Team-based strategies support patients with coordinated care for clinical, physical, and emotional needs.

Speaker Anecita Fadol, PhD, APRN, FAANP, FAAN, is a Nurse Practitioner and Associate Professor in the Department of Nursing with a joint appointment in the Department of Cardiology at the UT MD Anderson Cancer Center in Houston, Texas. Dr. Fadol described cardiovascular implications for oncology patients resulting from cardiotoxicity of anti-cancer treatments, as well as harm mitigation strategies in the face of these life-saving drugs. The session also included a discussion on the implications of increased survivorship of childhood and other cancers and the importance of team-based care in the cardio-oncology field.

Success with oncologic treatment has allowed cancer patients to experience longer cancer-free survival gains. Unfortunately, this success has been tempered by unintended—and often devastating—cardiac complications affecting overall patient outcomes.

The need for a focus on cardio-oncology continues to expand as cancer survivorship swells. The number of cancer survivors in the U.S. more than quadrupled from 3.6 million in 1975 to 15.5 million in 2016. Survivorship is predicted to reach over 20 million by 2026 and over 26 million by 2040, with most survivors in their 60s, 70s, and 80s.[5] Nearly two-thirds of survivors are currently 65 years of age or older, and many of these patients have concurrent cardiovascular disease.[6]

Dr. Fadol stressed that integrated team-based care for cancer patients today is paramount to preventing them from becoming cardiovascular disease patients of tomorrow.

Arnethea Sutton, PhD, Assistant Professor in the Department of Kinesiology and Health Sciences at Virginia Commonwealth University and a member of the VCU Massey Comprehensive Cancer Center, addressed the vital role of nursing in the cardio-oncology patient journey. Dr. Sutton exposed the growing inequities of outcomes for minority and under-resourced populations in both CVD and cancer, including shared testimony from patients undergoing cancer treatment.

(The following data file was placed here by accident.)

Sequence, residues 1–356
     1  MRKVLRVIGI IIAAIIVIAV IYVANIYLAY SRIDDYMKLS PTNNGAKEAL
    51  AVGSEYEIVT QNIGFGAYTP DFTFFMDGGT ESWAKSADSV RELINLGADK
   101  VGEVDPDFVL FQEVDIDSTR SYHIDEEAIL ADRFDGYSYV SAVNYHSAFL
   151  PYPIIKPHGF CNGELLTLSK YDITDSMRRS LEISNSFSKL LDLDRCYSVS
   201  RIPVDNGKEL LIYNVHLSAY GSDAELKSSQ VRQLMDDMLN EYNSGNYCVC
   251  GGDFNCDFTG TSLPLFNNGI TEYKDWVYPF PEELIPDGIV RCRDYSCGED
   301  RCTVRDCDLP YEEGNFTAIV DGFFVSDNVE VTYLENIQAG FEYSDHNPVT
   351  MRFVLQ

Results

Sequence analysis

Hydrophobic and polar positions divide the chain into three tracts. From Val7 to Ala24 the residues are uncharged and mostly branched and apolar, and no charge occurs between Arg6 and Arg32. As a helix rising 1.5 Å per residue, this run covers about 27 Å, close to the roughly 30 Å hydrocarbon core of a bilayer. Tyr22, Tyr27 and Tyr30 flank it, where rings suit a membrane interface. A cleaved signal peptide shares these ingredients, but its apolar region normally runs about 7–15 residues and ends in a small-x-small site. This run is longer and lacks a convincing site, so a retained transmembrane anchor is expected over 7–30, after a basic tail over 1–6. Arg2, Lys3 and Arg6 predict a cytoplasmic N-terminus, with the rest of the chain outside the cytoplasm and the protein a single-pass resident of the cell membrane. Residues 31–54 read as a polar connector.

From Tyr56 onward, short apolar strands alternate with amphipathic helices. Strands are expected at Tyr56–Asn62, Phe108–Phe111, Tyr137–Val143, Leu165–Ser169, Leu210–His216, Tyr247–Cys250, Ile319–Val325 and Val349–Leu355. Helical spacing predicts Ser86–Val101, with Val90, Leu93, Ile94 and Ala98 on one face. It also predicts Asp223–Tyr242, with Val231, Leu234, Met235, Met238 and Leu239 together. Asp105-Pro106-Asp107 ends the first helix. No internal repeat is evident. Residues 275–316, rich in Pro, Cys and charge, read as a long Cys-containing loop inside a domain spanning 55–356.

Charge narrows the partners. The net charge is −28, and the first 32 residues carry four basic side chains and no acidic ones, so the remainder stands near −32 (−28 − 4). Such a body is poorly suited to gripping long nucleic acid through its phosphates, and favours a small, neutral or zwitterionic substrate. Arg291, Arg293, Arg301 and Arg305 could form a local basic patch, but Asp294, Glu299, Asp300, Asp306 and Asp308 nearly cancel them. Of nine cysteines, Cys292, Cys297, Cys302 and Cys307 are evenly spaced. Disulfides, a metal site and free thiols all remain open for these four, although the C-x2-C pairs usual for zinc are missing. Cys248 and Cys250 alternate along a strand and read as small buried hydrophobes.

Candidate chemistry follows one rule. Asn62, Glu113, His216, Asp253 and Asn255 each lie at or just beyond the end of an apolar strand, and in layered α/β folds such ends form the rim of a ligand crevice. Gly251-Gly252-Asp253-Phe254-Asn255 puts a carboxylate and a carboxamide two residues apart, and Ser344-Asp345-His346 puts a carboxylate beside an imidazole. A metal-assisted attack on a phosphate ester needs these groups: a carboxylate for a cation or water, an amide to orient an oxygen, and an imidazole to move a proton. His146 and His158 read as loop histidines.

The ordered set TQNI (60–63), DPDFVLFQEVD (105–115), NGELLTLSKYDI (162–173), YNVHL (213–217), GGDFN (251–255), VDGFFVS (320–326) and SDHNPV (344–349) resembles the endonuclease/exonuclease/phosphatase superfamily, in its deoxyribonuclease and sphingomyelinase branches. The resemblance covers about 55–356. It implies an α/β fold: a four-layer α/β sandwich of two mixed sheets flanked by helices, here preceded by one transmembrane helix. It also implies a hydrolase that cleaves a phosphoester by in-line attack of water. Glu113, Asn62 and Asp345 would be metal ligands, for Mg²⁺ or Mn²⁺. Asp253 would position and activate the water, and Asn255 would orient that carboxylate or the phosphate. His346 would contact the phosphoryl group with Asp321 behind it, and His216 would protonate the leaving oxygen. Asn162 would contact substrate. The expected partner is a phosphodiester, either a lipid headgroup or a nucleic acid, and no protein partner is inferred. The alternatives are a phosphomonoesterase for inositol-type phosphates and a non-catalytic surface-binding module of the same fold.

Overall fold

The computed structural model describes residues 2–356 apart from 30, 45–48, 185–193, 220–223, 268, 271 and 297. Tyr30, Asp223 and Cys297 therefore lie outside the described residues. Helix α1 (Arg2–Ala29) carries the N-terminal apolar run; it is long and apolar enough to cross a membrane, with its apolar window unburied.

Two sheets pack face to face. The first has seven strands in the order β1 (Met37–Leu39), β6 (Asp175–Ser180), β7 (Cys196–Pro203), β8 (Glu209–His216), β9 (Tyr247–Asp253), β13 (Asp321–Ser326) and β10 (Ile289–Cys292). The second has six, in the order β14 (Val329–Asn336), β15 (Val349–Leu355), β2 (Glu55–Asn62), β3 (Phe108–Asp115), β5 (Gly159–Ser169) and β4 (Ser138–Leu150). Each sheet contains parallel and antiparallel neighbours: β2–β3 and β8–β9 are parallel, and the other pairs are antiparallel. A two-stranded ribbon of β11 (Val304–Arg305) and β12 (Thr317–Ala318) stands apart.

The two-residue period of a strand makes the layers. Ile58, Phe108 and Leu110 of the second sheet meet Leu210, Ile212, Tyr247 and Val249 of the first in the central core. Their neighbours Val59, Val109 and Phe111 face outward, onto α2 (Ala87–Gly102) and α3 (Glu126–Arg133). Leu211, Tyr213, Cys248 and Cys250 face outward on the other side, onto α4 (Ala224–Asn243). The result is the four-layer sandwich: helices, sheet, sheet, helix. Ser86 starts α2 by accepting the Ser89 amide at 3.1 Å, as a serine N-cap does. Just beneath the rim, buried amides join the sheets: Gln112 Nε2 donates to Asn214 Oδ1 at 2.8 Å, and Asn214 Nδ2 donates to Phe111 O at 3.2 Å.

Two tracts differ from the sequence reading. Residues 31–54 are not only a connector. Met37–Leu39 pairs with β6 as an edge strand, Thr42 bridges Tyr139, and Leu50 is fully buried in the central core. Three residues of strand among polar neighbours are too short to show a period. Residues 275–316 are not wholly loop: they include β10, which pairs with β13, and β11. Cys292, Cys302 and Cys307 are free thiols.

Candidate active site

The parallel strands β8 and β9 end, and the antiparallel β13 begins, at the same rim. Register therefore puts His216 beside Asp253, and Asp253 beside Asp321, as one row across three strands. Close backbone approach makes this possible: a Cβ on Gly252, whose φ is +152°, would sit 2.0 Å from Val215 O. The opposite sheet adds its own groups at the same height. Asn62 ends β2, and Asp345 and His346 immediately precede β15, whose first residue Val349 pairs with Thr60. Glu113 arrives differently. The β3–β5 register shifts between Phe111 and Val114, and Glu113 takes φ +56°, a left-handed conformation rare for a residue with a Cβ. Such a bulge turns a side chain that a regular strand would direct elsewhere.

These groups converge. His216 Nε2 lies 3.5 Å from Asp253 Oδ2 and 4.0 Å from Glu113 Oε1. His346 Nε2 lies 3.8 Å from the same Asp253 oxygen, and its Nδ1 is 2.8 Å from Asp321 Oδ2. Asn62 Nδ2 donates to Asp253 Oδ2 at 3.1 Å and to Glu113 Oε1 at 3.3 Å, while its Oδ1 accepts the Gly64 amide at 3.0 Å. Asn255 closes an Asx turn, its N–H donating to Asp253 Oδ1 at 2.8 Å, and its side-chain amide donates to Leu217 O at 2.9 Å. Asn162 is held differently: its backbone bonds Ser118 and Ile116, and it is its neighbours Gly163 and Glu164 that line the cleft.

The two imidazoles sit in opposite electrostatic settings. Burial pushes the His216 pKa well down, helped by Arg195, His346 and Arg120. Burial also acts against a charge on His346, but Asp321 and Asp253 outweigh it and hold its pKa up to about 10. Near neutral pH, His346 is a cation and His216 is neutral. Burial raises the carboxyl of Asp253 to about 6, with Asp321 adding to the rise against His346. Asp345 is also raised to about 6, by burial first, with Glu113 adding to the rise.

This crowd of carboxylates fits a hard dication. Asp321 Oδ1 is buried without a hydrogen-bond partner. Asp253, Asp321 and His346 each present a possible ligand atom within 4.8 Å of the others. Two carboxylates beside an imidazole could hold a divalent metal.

Dr. Sutton defined cancer survivorship as the point from diagnosis through treatment and beyond. One of the strategies to prevent cardiotoxicities from anti-cancer treatment is the use of cardioprotective medication.  This breakthrough in cancer care, however, is not implemented equitably across gender and race.  Knowledge of these strategies and these gaps in care is imperative for cardiovascular healthcare providers in the continued quest for longer, healthier lives for cancer survivors.

You may find more detailed information about these topics by watching the recorded sessions on PCNA’s online learning system.

Look for PCNA’s next Cardio Connections Summit in late 2024.

PCNA is grateful to sponsors of the 2023 Cardio Connections Summit: Bristol Meyers Squibb-Pfizer Alliance, Merck Sharpe & Dohme Corp., and Abbott Laboratories. Thank you for showing your support for the role that nurses play in educating and managing these complex patient populations.

[1] Virani SS, Alonso A, Aparicio HJ, et al; on behalf of the American Heart Association Council on Epidemiology and Prevention Statistics Committee and Stroke Statistics Subcommittee. Heart disease and stroke statistics—2021 update: a report from the American Heart Association. Circulation. 2021;143:e254–e743. doi: 10.1161/CIR.0000000000000950

[2] Dharmarajan K, Hsieh AF, Lin Z., et al. Diagnoses and timing of 30-day readmissions after hospitalization for heart failure, acute myocardial infarction, or pneumonia. JAMA. 23 January 2013;309(4):355-63. doi: 10.1001/jama.2012.216476

[3] Ng ACT, Delgado V, Borlaug BA, Bax JJ. Diabesity: The combined burden of obesity and diabetes on heart disease and the role of Imaging. Nature News. https://www.nature.com/articles/s41569-020-00465-5. Published November 13, 2020. Accessed January 20, 2023.

[4] Churchwell K, Elkind MSV, Benjamin RM, et al. Call to Action: Structural Racism as a Fundamental Driver of Health Disparities: A Presidential Advisory from the American Heart Association. Circulation. 2020;142:e452-e468. https://doi.org/10.1161/CIR.0000000000000936.

[5] Sanft T, et al. J Natl Compr Canc Netw. 2019;17(7):784-794. 2. Shapiro CL. N Engl J Med. 2018;379(25):2438-2450.

[6] National Institutes of Health. Office of Cancer Survivorship. Statistics. Accessed March 25, 2021.